Offensive fundamentals to guide teams to a title
Simple tips to free shooters and create more scoring opportunities
It seems like not that long ago when our team won the Massachusetts Division I state championship. While we were a talented team that played hard, our winning formula was dependent upon our rock-solid offensive fundamentals. With solid offensive fundamentals, you’ll reduce errors, cut down on turnovers and execute your offense more efficiently.
Bob Foley, the former women’s coach at Providence College, used to say, “Don’t teach plays, teach players how to play.” With Foley’s philosophy in mind, 2-on-2 and 3-on-3 basketball becomes a critically important part of learning to play the 5-on-5 team game.
Players should learn various ways to free themselves up to receive the ball. To break things down for players, we start with the concept of “getting open.”
There are two concepts that are critical for successfully getting open on a consistent basis:
- Changing speeds. Developing an ability to suddenly and unexpectedly change speeds.
- Get close to get open. Using the “get-close-to-get-open” method for shaking free of a defender.
When players run at the same speed all the time, they become easier to defend. But if a player walks toward a defender, gets close and “tight” to them and then — with a sudden burst of explosive speed — cuts out to the wing, he or she will invariably lose the defender and get open for a period of time.
Using these cutting techniques, you can run almost anything in your offense.
Utilizing this concept effectively depends on the offensive player’s ability to cut. We teach a variety of cuts including the V-cut, L-cut, inside pivot and backdoor cut. Once a player has received the pass, they should square-up to the basket and be in a technically sound triple-threat position.
Once a player has freed themselves to receive a pass, the next step is to protect the ball and wait for a screen to develop.
There are four techniques for coming off screens. Use of these techniques is dependent upon a player’s ability to read what the defense is doing. If players start to read and react to the defense instead of just breaking out to the wing every time, they’ll be much more effective offensively in the long run.
The four methods for coming off screens include:
- V-cut. When the defender goes behind the screen, the cutter fakes low, rubs off the screener’s shoulder and moves out toward the ball.
- Curl cut. When the defender fights over the screen, the cutter fakes low, rubs off the screener’s shoulder and curls toward the basket.
- Backdoor cut. When the defender steps over the screen, the cutter fakes high, rubs off the screener’s low-side shoulder and makes a cut to the basket.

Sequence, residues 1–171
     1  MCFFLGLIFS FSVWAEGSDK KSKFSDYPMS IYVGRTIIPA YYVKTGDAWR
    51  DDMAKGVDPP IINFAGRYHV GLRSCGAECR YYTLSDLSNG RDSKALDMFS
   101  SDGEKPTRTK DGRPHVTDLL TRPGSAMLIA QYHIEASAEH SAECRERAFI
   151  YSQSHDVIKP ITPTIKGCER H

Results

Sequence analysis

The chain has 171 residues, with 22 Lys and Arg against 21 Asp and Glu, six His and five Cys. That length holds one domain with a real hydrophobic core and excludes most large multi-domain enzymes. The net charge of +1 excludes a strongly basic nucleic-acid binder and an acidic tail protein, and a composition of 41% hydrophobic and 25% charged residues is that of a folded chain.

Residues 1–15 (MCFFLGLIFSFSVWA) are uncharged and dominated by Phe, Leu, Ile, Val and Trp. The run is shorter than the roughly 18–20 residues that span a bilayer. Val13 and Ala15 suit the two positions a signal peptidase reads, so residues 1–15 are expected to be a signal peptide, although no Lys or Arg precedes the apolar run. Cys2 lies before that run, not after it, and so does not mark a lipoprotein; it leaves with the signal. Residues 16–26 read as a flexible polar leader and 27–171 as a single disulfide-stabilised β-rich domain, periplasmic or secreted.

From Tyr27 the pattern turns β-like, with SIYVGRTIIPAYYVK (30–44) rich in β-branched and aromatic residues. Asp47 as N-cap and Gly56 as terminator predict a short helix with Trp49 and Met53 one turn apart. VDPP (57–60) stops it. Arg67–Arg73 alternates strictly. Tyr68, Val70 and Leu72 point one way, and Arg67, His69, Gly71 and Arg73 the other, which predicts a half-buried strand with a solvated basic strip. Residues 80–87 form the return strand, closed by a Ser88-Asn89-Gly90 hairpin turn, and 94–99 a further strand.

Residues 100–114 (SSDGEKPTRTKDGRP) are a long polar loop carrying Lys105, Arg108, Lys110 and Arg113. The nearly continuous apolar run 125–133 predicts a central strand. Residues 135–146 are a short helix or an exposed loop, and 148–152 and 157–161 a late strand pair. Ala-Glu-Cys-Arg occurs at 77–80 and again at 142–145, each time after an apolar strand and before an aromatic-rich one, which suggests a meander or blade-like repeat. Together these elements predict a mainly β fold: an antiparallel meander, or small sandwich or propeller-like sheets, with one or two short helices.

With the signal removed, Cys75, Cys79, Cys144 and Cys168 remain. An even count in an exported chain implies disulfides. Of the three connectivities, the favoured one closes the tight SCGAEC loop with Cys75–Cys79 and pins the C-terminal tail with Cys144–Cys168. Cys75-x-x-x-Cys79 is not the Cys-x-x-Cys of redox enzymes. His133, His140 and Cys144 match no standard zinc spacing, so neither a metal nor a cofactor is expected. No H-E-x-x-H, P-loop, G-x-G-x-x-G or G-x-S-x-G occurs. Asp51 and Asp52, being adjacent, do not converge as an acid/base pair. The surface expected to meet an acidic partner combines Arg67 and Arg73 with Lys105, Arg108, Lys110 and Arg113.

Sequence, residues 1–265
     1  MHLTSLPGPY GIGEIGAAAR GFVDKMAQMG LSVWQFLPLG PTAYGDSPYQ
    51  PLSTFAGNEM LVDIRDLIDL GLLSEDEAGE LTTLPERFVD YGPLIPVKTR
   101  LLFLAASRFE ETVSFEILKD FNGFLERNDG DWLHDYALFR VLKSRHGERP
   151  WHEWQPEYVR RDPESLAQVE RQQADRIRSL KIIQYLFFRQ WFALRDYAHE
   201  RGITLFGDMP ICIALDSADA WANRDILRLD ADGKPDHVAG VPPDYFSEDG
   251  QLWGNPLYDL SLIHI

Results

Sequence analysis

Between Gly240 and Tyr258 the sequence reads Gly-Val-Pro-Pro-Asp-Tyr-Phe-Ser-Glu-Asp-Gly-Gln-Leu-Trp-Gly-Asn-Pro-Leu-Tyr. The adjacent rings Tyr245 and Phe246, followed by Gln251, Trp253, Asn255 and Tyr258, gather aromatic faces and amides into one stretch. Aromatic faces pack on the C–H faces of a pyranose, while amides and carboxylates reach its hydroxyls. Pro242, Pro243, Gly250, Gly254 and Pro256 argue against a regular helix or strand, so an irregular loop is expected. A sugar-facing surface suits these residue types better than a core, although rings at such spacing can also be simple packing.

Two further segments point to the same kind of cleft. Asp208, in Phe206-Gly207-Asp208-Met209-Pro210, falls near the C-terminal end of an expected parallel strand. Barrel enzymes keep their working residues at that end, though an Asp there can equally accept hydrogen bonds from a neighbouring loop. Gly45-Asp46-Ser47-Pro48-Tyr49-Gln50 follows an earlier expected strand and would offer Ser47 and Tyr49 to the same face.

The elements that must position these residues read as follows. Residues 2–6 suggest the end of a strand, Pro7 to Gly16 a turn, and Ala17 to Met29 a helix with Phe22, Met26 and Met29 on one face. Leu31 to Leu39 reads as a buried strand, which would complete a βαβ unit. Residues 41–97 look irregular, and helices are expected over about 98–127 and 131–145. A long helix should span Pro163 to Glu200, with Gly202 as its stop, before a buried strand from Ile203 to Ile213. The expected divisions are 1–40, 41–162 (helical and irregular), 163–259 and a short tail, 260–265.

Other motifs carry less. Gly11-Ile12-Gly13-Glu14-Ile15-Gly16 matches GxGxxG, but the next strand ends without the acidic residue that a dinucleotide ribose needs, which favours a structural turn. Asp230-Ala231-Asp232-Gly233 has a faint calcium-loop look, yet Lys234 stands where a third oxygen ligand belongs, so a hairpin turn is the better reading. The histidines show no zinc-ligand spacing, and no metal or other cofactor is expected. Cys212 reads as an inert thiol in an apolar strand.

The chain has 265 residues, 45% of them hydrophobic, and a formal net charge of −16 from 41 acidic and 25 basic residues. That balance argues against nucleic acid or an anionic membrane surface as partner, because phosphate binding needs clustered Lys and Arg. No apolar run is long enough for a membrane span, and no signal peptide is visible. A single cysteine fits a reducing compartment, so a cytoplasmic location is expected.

- Fade. When the defender jumps behind screen, the cutter runs directly toward the screen, then falls back a few steps and calls for the ball.
Using these cutting techniques, you can run almost anything in your offense. The following plays show how these screen-and-cut methods work utilizing screens from different angles and from various spots on the court.
A basic screen-away play is a common technique in many offensive systems. In this play, the point guard passes to a wing and screens for the the opposite wing player (assuming that the offense is set up in a wingpoint-wing formation on top).
DIAGRAM 1: Screen away. 1 passes to 3 and screens for 2. 2 reads the defense and reacts with a V-cut, curl cut, fade or backdoor cut. You can also work the quick give-and-go on the point-to-wing pass. Make sure the point guard jabs away and then cuts in front of the defender.
You can set up a play with a post player and have a wing player break toward the post and set a downscreen.
DIAGRAM 2: Downscreen. We start the forwards high and have them screen down and open to the ball. This technique often creates a mismatch.
It’s critical that the guards read the defense and react accordingly. While 1 has the ball on top, 4 breaks to the post and sets a downscreen for 3. 3 uses any combination of the aforementioned cuts to get open. 4 opens to the ball after setting the screen and tries to post up.
Another good option may be a backscreen, where the post player breaks out to set a backscreen for the wing.
DIAGRAM 3: Backscreen. 4 comes out from the low block and sets a backscreen for 3. 3 reads the defense and can fade or make the cut either in front or behind the screen.
Another effective play is for the low post player to break to the high post and set a screen for the ball handler.
DIAGRAM 4: High-post screen. 1 passes to 2 on the wing. 4 breaks up from the low block and sets a screens at high post for the 1. 1 uses the screen and breaks to the basket (UCLA cut). 2 looks to quickly hit 1 on the cut to the basket. If the defenders both sag on 1, then 2 can feed 4 in the high post (at the ball-side elbow).
All of the options you get from a screen down, you can also get from the 2-low stack. To make this set effective, 3 and 4 must read the defense and work in tandem to react accordingly.
DIAGRAM 5: Stack.
DIAGRAM 6: Double-low. One post player screens away for the other. Remind the players that the screener should always “open to the ball” almost all the time on a good screen, if the screener is open, and that’s a big if, they open to the ball. (like a pick-and-roll. The screener should open “belly to the ball.”)
Jeff Hoyle is the former girls basketball coach at Dartmouth High School in Massachusetts.